Someone open my eyes.
[a href="index.php?act=findpost&pid=282177"][{POST_SNAPBACK}][/a]

lossy is simply a question of space, hardware and software support
Title: Trying to understand why people go lossy.
Post by: Polar on 2005-03-15 19:04:30
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Since you get room for about 8 times more albums when you encode into a lossy format, ...[a href="index.php?act=findpost&pid=282182"][{POST_SNAPBACK}][/a]
You're exaggerating. Make that 3 to 5 times more albums. If, at least, you were talking about lossy encodings of transparent quality (say 150 to 200 kbps), compared to the average 800 kbps lossless file (which can even go as low as 350 kbps with classical music).
Title: Trying to understand why people go lossy.
Post by: Acid Orange Juice on 2005-03-16 05:51:35
Particularly I find the lossy encoders and the computers very useful for music. My stereo home system is only 3 components: One old Dell computer (266 Mhz) with 60 Gb of capacity; one stereo amplifier of 100 watts RMS, and; the speakers. No more tuners, cd players, turntables... The music center is only the computer  , this is very useful. I encoded all my CDs with Lame 3.96.1 -aps and Vorbis 1.1RC1 -q7 and I listen these files in my old Dell with my stereo system.

I find that Lame -aps and Vorbis -q7 are total transparent for me.

In my particular case; I don't find any necessity to use lossless, because I store the original CDs; I don't use my CDs at all, only for rip to mp3 or vorbis for my DAP and Stereo system. For my personal use outside of my house I use only the lossy files, never the original CDs.

Why people use lossy? because you can obtain total transparent sound with only aprox. (1/6) of the size of the original files.
Title: Trying to understand why people go lossy.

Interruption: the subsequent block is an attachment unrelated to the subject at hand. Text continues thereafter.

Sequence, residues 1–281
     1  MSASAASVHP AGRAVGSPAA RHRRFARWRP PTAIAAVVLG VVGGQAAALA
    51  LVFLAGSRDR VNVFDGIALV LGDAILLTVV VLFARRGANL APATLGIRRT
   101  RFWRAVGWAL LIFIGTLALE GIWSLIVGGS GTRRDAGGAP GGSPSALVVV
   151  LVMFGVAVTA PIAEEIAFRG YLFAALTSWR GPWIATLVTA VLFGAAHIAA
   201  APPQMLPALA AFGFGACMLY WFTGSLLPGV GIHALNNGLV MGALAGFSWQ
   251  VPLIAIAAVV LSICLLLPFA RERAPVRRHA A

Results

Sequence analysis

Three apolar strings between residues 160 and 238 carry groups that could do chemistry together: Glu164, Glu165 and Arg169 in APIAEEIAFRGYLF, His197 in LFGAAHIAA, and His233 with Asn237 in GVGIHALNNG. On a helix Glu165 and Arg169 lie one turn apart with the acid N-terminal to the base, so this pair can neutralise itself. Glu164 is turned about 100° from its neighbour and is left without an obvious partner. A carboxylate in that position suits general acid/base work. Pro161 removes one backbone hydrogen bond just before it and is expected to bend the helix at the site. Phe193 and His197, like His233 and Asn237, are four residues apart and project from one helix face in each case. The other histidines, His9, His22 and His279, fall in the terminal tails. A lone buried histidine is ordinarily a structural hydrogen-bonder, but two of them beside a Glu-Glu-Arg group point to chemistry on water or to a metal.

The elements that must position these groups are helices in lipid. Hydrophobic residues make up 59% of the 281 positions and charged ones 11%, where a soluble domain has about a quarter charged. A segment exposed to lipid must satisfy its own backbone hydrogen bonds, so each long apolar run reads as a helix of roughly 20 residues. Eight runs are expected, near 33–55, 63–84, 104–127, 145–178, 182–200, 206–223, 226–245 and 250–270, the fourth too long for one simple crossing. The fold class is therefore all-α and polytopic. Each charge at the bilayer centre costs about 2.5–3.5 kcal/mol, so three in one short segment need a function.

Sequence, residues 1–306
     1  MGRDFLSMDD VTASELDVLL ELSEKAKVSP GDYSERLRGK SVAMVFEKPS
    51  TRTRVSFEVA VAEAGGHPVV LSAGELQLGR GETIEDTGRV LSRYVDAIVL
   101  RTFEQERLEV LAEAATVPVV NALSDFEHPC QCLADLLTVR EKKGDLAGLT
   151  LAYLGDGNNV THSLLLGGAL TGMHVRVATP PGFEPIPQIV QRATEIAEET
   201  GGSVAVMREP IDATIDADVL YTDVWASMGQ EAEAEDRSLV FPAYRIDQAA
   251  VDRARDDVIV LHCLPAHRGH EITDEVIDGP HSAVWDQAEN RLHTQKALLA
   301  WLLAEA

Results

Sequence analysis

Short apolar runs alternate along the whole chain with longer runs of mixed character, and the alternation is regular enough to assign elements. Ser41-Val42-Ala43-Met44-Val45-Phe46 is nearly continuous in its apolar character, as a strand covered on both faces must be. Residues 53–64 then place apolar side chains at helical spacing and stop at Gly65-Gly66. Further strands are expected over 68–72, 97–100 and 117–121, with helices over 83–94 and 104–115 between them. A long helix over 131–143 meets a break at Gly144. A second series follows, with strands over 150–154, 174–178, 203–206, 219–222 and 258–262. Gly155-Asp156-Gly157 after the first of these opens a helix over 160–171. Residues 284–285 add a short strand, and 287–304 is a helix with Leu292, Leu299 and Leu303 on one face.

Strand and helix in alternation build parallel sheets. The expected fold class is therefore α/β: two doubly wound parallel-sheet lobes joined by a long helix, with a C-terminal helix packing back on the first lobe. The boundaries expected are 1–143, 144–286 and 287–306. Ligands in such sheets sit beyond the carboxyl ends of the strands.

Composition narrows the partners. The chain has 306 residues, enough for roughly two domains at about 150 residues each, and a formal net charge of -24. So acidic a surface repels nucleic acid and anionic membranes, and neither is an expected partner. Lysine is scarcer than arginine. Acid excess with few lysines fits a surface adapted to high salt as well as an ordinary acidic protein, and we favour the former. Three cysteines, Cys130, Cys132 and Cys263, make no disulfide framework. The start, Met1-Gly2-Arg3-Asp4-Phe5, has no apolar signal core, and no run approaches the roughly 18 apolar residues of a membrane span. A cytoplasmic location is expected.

Post by: riggits on 2005-03-16 07:56:18
MP3 players are a fantastic reason to transcode from lossless.  I'd rather have thousands of imperceptibly flawed (ie, totally transparency) songs available in my car than a few dozen lossless files.  The originals are nicely safe at home, but my portable won't play FLAC.
Title: Trying to understand why people go lossy.
Post by: AtaqueEG on 2005-03-16 08:28:09
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but my portable won't play FLAC.
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And even if they do, what's the point?

I have a Rio Karma. And I could not think of one situation where I would actually hear a difference between lossless and lossy (my transperency threshold is very low)

I do like others do here: I encode to lossless, transcode to lossy for computer AND portable use and burn the lossless files to DVD, then store them in a different location than my CDs (in case od disaster)

BTW, Nero hates long names and has changed the file extension of at least two of my flacs to .flc. Is there a way to revert this change? Although foobar reads these files flawslessly (that Peter just thought of everything) I'd hate to be unable to play those files in the future.
Title: Trying to understand why people go lossy.
Post by: 2Bdecided on 2005-03-16 10:03:15
I'll tell you why: a collection of over 8000 albums.

You know what lossless means, don't you? 5x the storage space (real world and electronic), 5x the time to back up, 5x the cost to store and back up. With large enough numbers, lossless simply cannot be justified. Unless you have money to burn!

So there are a lot of situations where lossy works and lossless doesn't - like storing large music collections conveniently. Eventually, this situation will end.